Testing in Germany is effective because it is extensive, but targeted to those with direct contact with infections. At Heinz-Berggruen school in Berlin, a sixth grader was found to be infected after being tested even though she had no symptoms. Someone in her family had tested positive. Tracing the family member’s contacts, tests determined the source of the infection stemmed from international travel, and Heinz-Berggruen remained open, with just the infected student quarantined for two weeks. At Goethe Gymnasium in Ludwigslust, mentioned earlier, the infected teacher was sent home, and all 55 teachers were subsequently tested. The school was able to reopen less than a week later.
Some challenges have arisen. As in the US, German states are responsible for their own COVID-19 prevention measures and must make plans for the case of outbreaks. One city councilor in the Neukölln district of Berlin revealed there was confusion among parents and schools about children’s symptoms and response plans. As a result, children whose only symptoms are runny noses, for instance, have been sent home, and worries are increasing as to how effectively schools and districts will differentiate COVID-19 from flu in the winter.
The German case provides some optimism that schools can manage outbreaks and reopen successfully through careful planning and organization. Testing, contact tracing, and communication are vital, as is lowering of community positivity rates. Cases may be rising in Germany again (Loxton, 2020), but with these strategies and new national COVID management rules in place, the country is in an excellent position to address the challenge.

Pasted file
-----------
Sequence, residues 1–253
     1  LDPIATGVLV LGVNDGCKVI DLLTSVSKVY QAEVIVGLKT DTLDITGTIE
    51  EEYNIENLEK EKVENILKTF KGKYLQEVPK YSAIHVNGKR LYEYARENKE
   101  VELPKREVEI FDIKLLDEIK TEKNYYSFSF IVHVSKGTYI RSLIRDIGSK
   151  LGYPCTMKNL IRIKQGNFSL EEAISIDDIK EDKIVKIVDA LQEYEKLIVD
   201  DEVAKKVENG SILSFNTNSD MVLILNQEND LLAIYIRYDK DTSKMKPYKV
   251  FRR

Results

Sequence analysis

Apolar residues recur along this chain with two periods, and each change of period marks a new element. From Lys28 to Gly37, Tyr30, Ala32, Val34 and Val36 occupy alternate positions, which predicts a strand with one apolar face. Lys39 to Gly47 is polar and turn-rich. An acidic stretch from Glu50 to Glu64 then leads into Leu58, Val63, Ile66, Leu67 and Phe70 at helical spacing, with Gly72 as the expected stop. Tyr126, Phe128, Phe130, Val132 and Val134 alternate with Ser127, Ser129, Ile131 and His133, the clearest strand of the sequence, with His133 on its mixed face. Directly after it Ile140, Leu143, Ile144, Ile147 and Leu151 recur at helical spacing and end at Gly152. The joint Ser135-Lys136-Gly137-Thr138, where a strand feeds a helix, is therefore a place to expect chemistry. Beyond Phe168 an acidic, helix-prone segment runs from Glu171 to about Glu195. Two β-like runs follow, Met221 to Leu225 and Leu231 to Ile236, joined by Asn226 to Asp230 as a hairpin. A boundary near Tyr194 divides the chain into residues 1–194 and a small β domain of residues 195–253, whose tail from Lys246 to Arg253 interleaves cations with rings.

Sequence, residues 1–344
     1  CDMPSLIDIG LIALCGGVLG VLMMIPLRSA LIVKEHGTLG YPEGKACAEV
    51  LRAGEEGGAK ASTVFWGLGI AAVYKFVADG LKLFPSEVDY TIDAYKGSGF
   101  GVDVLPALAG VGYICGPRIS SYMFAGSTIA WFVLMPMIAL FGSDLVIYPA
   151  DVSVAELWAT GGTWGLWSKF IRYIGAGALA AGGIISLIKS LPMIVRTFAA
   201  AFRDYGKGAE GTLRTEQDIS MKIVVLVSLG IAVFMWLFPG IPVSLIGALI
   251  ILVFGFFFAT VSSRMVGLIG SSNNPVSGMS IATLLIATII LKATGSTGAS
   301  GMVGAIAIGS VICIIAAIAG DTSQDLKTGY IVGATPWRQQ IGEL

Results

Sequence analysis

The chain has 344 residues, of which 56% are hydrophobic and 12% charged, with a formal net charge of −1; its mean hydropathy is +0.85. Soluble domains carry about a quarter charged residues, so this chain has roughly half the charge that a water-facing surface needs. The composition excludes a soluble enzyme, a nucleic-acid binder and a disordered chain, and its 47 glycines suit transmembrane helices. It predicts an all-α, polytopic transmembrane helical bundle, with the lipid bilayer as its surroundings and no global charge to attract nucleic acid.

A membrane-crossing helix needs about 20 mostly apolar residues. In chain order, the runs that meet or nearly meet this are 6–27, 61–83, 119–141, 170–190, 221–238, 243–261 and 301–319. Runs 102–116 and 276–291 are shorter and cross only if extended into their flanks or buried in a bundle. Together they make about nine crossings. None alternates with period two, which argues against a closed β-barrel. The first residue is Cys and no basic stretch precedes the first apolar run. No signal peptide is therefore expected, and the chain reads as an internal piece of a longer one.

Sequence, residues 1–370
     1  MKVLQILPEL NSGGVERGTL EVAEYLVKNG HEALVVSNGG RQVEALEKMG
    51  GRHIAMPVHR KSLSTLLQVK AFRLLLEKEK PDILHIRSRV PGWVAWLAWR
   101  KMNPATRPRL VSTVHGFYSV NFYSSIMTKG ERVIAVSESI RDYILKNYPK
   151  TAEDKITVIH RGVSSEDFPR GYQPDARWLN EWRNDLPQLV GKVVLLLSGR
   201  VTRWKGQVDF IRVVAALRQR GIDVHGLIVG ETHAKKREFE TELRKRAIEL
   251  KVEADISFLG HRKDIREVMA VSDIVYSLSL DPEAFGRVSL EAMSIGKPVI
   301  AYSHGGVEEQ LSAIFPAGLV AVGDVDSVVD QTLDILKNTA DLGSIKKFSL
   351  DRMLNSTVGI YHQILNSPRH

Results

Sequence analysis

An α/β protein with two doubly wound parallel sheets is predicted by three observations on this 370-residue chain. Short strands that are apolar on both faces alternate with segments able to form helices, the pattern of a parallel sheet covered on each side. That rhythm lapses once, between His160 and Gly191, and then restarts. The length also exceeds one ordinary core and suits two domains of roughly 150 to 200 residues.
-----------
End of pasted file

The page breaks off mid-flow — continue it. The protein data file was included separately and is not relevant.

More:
*Nathan Storey is a graduate student at the Johns Hopkins University School of Education
Barton, T., & Parekh, A. (2020, August 11). Reopening schools: Lessons from abroad. https://doi.org/10.26099/yr9j-3620
(2020, June 12). As Europe reopens schools, relief combines with risk. The New York Times. https://www.nytimes.com/2020/05/10/world/europe/reopen-schools-germany.html
Bennhold, K. (2020, August 26). Germany faces a ‘roller coaster’ as schools reopen amid Coronavirus—The New York Times. https://www.nytimes.com/2020/08/26/world/europe/germany-schools-virus-reopening.html?smid=em-share
Holcombe, M. (2020, October 5). New York City to close schools in some areas as Northeast sees rise in new cases. CNN. https://www.cnn.com/2020/10/05/health/us-coronavirus-monday/index.html
Loxton, R. (2020, October 15). What you need to know about Germany’s new coronavirus measures for autumn. The Local. https://www.thelocal.de/20201015/what-you-need-to-know-about-germanys-new-coronavirus-measures-for-autumn-and-winter
Medical Xpress. (2020, August 7). Germany closes two schools in new virus blow. https://medicalxpress.com/news/2020-08-germany-schools-virus.html
Morris, L., & Weber-Steinhaus, F. (2020, September 11). Schools have seen no coronavirus outbreaks since reopening a month ago in Germany—The Washington Post. https://www.washingtonpost.com/world/europe/covid-schools-germany/2020/09/10/309648a4-eedf-11ea-bd08-1b10132b458f_story.html
Noryskiewicz, A. (2020, August 25). Coronavirus data 2 weeks into Germany’s school year “reassures” expert. https://www.cbsnews.com/news/coronavirus-school-germany-no-outbreaks/
The Associated Press (2020, August 27). Europe is going back to school despite recent virus surge—Education Week. AP. http://www.edweek.org/ew/articles/2020/08/27/europe-is-going-back-to-school_ap.html?cmp=eml-enl-eu-news2&M=59665135&U=&UUID=4397669ca555af41d7b271f2dafac508